Why nearly 60 percent of Russians 'deeply regret' the USSR's demise

A new poll finds that many Russians - particularly older, poorer, and more rural people – 'deeply regret' the collapse of the Soviet Union. How could that be?

Mikhail Metzel/AP
People walk past a beggar in Red Square, with St. Basil Cathedral and Kremlin's Spassky Tower in the background, in Moscow, Wednesday.

For Westerners, who grew up regarding Communism as a burden to its subjects and a menace to the world, it's a perplexing mystery at best. It's a perennial embarrassment for the Kremlin, which spends vast sums on international PR efforts aimed at making Russia look like a democratic, capitalist, and modern place.

But here we go again.

An annual poll to be released on Dec. 25, the day the final Soviet leader Mikhail Gorbachev resigned, suggests that a durable majority of Russians continue to "deeply regret" the demise of the USSR and wish that the collapse had been avoided.

The survey, conducted by the independent Levada Center in Moscow, found that nearly 60 percent of Russians are stuck in that nostalgic frame of mind, down from a high of 75 percent in 2000, but still a potentially potent political fact.

"The feelings of regret are most pronounced among people who are elderly, poor, less educated, or rural," says Denis Volkov, a researcher with the Levada Center.

The groups that miss the Soviet Union most deeply, according to the survey, are pensioners (85 percent), people who say they can't afford adequate food and clothing (79 percent), those between 40 and 55 years of age (67 percent), and women (63 percent).

"Only 25 percent of people between the ages of 18 and 24 say they're sorry the Soviet Union disappeared," Mr. Volkov adds.

Stability and security

Older Russians invariably recall the Soviet era as a time of stability and social security, if not prosperity, and feel they have suffered unfairly from the social turmoil and repeated economic crises of the past two decades.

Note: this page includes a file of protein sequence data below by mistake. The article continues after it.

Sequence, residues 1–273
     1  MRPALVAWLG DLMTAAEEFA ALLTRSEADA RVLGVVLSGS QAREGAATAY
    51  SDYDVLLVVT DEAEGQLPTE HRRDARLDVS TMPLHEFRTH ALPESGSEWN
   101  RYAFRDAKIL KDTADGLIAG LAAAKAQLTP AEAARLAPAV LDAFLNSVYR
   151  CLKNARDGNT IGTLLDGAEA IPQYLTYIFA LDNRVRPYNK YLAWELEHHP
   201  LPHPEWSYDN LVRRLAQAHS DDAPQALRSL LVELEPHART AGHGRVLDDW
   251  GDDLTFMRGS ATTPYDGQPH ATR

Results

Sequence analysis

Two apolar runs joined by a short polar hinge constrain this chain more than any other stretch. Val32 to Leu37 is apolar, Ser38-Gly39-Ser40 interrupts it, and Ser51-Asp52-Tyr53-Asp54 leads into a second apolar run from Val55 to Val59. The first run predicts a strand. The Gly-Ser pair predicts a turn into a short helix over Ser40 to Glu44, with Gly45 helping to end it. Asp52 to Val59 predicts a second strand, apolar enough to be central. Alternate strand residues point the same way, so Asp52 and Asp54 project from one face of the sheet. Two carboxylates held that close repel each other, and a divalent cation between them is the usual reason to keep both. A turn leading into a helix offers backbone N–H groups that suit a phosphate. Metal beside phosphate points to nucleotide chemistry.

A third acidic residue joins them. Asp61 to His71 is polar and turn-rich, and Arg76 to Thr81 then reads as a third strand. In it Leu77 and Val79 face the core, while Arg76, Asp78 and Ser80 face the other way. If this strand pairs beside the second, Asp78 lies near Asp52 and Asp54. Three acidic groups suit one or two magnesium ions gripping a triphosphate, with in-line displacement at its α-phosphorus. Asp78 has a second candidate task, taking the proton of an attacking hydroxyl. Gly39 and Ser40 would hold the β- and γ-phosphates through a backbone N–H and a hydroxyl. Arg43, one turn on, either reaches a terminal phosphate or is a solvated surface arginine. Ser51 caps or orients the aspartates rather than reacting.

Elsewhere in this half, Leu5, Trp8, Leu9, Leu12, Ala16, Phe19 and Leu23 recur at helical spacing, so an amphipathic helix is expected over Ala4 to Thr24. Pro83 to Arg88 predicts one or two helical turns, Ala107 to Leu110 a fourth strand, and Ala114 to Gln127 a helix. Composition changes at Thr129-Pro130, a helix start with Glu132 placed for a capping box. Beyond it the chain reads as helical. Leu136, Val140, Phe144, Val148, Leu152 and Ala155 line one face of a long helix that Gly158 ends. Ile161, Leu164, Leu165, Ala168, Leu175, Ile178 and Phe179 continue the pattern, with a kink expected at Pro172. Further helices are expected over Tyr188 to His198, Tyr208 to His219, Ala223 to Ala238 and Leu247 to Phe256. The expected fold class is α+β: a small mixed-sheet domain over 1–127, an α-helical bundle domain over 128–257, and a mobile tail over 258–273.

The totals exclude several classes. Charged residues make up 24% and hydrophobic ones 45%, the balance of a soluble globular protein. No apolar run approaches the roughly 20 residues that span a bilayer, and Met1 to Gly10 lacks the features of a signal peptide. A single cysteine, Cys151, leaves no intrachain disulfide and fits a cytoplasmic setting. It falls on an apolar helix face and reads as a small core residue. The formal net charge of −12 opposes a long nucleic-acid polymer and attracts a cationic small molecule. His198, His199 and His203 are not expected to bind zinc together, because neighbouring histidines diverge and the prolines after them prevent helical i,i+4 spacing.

"You could buy a loaf of bread for 16 kopeks (cents), and that was a stable price for many, many years," says Alevtina Dimitrieva, a Moscow pensioner. "Now the price is different every day. The authorities promise to raise our pensions, but even when that happens, rising prices gobble up the increase immediately."

Lack of money has blocked most pensioners from taking advantage of the expansion of personal freedoms, economic opportunity, and social mobility
that many younger Russians began to enjoy in the wake of the Soviet collapse.

Russian pensioners continue to staunchly back Russia's sovietesque Communist Party in large numbers. One of the best-organized of Russian social groups, pensioners are capable of making the Kremlin quake when they take to the streets, as they did over a botched benefit reform four years ago.

Many say they also miss being citizens of a huge, sprawling multiethnic superpower that seemed to command respect in the world.

"I used to travel all over the USSR, and was welcomed everywhere," says Inna Lepneva, a retired TV sound engineer. "Now the country is split up, no one likes Russians anymore, and good relationships are ruined. Nothing has changed for the better.

Yeltsin's unpopular rule

The peak years of Soviet nostalgia came in the late 1990s, a time of economic and social decline, when a pro-Western President Boris Yeltsin explicitly claimed to be leading Russia toward capitalism and democracy. Mr. Yeltsin's popularity ratings seldom rose above single digits during the latter years of his Kremlin tenure and, not surprisingly, few Russians expressed warm opinions about him after he passed away in 2007.

His successor, Vladimir Putin, ended the Yeltsin-era's cultural and political confrontation with the Soviet legacy, and even restored some of its key symbols, such as the Soviet national anthem, to pride of place.

"Today's Kremlin is extremely professional in the propaganda department," says Boris Kagarlitsky, director of the independent Institute for Globalization Studies in Moscow. "They understand how to utilize symbols that the population has genuine affection for, and to manipulate the past in order to generate positive emotions toward the current leaders."

Mr. Putin, now Russia's prime minister, remains the country's most popular politician with approval ratings that seldom sink below 70 percent.

Meanwhile, nostalgia for the USSR has burgeoned into a booming business in Russia, including several TV stations that run exclusively Soviet-era content, uncountable numbers of Soviet-chic restaurants and bars, plus at least one wildly popular Internet portal devoted to all things Soviet.

But all that doesn't necessarily mean that people literally want to be back in the USSR.

"Our survey found that only 16 percent of respondents would like to see the Soviet Union restored just as it was," says Volkov. "This nostalgia is a complicated sentiment, probably explained more by reactions to present conditions than any real desire to return to the past."

Read about the democracy that young Russians want in a three-part series about The Putin Generation.

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